The newly produced visual effects are quite fine and most of them do a nice job of "touching up" dated effects. Although there are some exceptions, most of them also blend in reasonably well. The greater benefit of this set is the appearance of the episodes themselves, which look fresher and more vibrant than I've ever seen them before. The effects are a fun touch (although I'm sure there will be quite a bit of debate from fans who aren't keen on new effects worked into the old-fashioned look of the show), but I think everyone can agree those who worked on the remastered presentations did a fantastic job.

26 episodes on seven discs: Amok Time, Who Mourns for Adonais?, The Changeling, Mirror Mirror, The Apple, The Doomsday Machine, Catspaw, I Mudd, Metamorphosis, Journey to Babel, Friday's Child, The Deadly Years, Obsession, Wolf in the Fold, The Trouble with Tribbles, The Gamesters of Triskelion, A Piece of the Action, The Immunity Syndrome, A Private Little War, Return to Tomorrow, Patterns of Force, By Any Other Name, The Omega Glory, The Ultimate Computer, Bread and Circuses, Assignment: Earth.


VIDEO: As mentioned, the presentations of these season two episodes have gone through an extensive restoration process, and are presented here in 1.33:1 full-frame by Paramount Home Entertainment. Taken from the original camera negative, these presentations are impressive and certainly a leap over the prior release. Sharpness and detail aren't extraordinary, but when compared to the original release, it's a pretty grand difference.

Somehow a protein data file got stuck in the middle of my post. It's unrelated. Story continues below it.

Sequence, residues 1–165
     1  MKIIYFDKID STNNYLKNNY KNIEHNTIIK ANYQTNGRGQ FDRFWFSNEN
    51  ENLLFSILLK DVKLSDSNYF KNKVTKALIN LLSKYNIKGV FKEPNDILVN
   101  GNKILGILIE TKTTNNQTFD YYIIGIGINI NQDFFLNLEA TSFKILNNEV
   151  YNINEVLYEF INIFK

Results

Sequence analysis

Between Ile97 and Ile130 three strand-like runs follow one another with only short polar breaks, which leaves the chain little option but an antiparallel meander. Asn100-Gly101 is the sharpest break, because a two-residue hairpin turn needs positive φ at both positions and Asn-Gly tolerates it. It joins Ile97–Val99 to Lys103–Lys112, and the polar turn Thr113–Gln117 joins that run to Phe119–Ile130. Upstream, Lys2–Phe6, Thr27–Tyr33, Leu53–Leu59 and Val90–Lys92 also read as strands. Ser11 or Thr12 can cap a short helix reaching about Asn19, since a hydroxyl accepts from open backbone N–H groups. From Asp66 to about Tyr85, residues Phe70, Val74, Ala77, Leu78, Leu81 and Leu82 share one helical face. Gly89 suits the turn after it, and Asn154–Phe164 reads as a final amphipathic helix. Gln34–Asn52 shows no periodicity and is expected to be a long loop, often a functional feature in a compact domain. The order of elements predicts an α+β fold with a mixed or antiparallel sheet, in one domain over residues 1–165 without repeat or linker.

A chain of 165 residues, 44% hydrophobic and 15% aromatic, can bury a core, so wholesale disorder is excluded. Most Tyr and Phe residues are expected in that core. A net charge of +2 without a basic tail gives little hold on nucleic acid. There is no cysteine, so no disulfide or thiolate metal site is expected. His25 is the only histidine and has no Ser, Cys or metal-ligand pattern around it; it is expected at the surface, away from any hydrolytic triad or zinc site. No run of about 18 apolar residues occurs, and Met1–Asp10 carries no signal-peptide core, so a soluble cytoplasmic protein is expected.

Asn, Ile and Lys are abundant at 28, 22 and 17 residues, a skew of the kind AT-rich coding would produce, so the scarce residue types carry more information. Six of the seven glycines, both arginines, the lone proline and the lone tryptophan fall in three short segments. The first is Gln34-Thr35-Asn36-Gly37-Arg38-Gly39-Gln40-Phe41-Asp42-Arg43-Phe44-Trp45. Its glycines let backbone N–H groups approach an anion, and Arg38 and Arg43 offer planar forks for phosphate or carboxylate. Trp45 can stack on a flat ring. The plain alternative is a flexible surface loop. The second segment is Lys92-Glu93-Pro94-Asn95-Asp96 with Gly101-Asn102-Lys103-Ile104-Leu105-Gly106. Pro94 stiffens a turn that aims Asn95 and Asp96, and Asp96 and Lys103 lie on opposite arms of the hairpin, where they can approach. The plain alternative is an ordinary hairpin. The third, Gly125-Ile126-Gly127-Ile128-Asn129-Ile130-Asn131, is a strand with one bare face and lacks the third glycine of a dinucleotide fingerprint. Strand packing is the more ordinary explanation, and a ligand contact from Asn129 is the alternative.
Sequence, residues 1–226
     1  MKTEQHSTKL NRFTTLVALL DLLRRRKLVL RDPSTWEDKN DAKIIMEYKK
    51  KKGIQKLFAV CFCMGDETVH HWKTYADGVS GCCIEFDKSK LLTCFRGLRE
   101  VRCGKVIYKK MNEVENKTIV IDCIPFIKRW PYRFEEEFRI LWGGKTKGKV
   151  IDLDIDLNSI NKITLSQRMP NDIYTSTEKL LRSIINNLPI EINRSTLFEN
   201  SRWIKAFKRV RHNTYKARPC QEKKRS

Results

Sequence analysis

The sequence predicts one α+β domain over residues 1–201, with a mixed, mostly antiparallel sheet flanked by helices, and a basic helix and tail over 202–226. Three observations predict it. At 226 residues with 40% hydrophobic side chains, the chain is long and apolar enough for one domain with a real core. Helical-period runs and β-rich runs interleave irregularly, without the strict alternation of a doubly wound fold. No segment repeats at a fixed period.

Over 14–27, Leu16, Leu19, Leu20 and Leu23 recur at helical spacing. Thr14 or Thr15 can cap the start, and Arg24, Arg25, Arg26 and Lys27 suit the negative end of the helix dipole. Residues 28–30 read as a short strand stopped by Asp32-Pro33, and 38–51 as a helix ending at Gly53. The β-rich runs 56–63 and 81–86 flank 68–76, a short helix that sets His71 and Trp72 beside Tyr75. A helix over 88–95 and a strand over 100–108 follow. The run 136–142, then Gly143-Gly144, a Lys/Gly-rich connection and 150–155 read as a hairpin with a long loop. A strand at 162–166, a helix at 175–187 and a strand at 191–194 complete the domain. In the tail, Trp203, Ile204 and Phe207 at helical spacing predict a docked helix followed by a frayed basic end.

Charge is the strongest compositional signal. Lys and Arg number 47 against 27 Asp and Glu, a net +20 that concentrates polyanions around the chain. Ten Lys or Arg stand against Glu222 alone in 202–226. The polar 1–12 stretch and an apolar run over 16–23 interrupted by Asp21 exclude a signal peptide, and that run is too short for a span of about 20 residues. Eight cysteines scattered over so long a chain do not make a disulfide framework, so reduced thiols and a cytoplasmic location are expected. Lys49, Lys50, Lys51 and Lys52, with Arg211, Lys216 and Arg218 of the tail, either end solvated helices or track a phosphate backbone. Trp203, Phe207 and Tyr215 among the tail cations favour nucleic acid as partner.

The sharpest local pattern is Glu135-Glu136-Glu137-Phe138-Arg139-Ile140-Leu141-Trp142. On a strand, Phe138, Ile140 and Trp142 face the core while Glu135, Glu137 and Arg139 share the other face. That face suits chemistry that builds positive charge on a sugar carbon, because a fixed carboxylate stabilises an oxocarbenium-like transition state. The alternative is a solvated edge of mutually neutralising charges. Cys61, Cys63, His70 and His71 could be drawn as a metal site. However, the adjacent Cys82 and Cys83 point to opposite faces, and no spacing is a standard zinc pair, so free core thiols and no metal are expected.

This new release looks crisp, fairly detailed and enjoyably film-like. While there were a couple of minor specks seen at times throughout the episodes, I was pleasantly surprised at how crisp and clean the show looked here. While some minor grain was seen at times, it is likely an element of the original cinematography and actually adds to the show's "film-like" look here. Yet another element of the presentation that topped the old edition was the color palette, which looked somewhat richer and fresher here than ever before. Overall, I thought the show looked the best it's ever looked here.